3 ways to get safe surgical attire protocol to stick

Through a 2012 audit, Hanford, Calif.-based Central Valley Network, part of Roseville, Calif.-based Adventist Health, found compliance with safe surgical attire protocols were low, and then took action to improve them.

Their process was detailed in the Association of periOperative Registered Nurses' Periop Insider newsletter.

A six-month audit period uncovered the following common surgical attire errors:

  • Incorrect head covering
  • Jackets unavailable, in the wrong size or removed while on shift
  • Jewelry not removed
  • Masks worn under the chin outside of the practice area
  • Scrubs worn outside the facility

After altering surgical attire inventory to address those deficiencies, Central Valley Network also took a strategic approach to instill best practices with the staff.

"We knew we needed to take a bold approach that really put safe attire practices directly in front of every team member in a very visual way, while also driving home the evidence behind the practices," Cheryl Curcin, BSN, Central Valley Networks' clinical education coordinator for perioperative services, told AORN.

They did so with a three-pronged approach:

1. Using a well-respected physician champion who models safe operating room practices and is a known leader who is concerned about safety. Central Valley Network chose an orthopedic surgeon who was chief of staff at the time. "In my OR, if someone sees something that is not right, I want them to speak up because everyone is on the same team and we all have an equal responsibility to feel comfortable speaking up; we also have an equal responsibility to listen when a team member voices a concern," Lancy Allyn, MD, the surgeon in question, told AORN.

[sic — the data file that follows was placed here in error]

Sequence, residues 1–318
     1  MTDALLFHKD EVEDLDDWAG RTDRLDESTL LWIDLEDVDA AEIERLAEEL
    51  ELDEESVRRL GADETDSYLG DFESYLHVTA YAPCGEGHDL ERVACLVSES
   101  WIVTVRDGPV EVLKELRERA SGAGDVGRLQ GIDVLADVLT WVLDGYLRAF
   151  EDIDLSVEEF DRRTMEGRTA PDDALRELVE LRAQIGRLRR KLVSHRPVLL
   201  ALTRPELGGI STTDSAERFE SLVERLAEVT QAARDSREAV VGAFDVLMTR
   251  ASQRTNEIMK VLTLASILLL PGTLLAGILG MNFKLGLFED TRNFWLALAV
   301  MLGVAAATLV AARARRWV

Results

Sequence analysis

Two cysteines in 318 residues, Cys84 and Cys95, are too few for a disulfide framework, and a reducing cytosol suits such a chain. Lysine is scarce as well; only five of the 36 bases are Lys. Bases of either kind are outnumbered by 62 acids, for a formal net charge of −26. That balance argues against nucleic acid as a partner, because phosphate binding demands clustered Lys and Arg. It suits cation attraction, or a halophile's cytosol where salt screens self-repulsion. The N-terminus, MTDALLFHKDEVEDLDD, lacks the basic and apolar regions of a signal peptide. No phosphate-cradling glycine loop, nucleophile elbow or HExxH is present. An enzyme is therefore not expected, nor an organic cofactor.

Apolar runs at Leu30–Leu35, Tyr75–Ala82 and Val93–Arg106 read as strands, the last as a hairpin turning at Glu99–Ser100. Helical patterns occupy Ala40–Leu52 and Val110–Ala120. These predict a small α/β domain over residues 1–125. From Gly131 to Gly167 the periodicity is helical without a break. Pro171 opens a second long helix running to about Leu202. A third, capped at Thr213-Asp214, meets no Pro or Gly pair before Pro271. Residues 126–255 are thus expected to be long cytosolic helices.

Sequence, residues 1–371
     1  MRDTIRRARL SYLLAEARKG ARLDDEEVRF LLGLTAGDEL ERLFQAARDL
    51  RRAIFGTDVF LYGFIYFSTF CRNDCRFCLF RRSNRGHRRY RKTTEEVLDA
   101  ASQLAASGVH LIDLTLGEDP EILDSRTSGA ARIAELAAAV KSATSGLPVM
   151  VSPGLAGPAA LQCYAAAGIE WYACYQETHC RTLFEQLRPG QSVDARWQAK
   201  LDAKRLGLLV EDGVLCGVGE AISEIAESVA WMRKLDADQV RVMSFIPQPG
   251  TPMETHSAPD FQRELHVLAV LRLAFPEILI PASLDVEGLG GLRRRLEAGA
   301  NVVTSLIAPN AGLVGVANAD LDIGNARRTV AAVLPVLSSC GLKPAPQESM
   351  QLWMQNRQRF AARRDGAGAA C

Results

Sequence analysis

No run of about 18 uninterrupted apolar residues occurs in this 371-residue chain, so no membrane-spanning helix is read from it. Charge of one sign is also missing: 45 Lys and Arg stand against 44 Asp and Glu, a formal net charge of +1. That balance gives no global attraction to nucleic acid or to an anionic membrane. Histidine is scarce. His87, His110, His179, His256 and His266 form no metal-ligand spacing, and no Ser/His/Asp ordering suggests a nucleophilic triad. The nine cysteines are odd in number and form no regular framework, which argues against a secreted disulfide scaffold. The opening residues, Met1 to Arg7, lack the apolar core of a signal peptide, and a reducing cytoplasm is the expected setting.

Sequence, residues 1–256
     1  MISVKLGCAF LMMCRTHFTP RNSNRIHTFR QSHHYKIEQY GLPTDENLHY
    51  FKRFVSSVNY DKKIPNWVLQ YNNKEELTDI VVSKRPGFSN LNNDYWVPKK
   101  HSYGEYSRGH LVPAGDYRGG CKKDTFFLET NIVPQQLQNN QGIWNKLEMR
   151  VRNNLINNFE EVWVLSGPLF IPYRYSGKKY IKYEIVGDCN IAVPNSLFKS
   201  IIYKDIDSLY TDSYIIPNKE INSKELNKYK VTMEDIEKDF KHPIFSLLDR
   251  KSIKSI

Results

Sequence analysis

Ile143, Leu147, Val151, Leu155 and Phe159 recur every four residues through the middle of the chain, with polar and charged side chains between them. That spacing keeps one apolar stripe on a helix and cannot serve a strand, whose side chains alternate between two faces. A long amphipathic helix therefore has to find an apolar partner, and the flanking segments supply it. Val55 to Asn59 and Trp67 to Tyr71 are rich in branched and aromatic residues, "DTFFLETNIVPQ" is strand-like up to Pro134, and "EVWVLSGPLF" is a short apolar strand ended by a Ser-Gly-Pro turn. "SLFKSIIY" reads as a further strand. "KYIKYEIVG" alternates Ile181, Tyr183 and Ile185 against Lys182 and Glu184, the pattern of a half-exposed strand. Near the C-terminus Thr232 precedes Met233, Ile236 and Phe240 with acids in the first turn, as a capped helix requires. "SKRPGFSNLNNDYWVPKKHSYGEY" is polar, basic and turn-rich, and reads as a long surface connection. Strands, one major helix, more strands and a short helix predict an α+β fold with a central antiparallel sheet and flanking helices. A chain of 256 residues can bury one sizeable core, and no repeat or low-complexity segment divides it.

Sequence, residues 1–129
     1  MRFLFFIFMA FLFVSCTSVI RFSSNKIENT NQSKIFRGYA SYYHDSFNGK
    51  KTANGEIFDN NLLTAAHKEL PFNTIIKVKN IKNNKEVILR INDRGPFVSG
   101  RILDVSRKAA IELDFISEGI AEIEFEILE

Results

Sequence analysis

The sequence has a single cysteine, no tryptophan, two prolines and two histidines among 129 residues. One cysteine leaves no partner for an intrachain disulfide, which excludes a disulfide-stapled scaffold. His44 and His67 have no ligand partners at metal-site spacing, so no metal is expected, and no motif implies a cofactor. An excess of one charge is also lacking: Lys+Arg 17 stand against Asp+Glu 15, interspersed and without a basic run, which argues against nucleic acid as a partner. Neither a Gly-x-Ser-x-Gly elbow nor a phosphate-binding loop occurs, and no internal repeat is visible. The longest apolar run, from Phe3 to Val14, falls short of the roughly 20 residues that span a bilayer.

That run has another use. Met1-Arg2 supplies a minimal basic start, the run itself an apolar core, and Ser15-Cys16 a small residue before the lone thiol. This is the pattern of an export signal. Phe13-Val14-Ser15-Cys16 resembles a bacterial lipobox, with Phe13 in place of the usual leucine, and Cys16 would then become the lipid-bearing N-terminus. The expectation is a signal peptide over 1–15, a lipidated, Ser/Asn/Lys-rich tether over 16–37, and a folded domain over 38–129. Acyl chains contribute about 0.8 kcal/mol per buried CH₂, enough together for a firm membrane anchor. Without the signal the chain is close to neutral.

2. Using visual cues to encourage correct attire. Central Valley Network's marketing team collaborated to create a life-size poster of Dr. Allyn wearing correct attire that bore the heading, "Are you ready to cross the red line?" The team also created another poster with Dr. Allyn in scrubs in the parking lot. Designed to look like a "Wanted" poster, it served as a reminder that the practice didn't fit protocols. Those posters were posted by every major exit at the facility.

3. Tailoring educational material and training for front-line staff and leadership so everyone's roles were clear. Central Valley Network also regularly updates the education and reminds new staff of policies.

More articles on patient safety:
4 common surgical attire safety issues
4 steps to implement a program to reduce medication errors, readmissions
Virginia Mason Institute to host quality workshop in Philly for medical professionals


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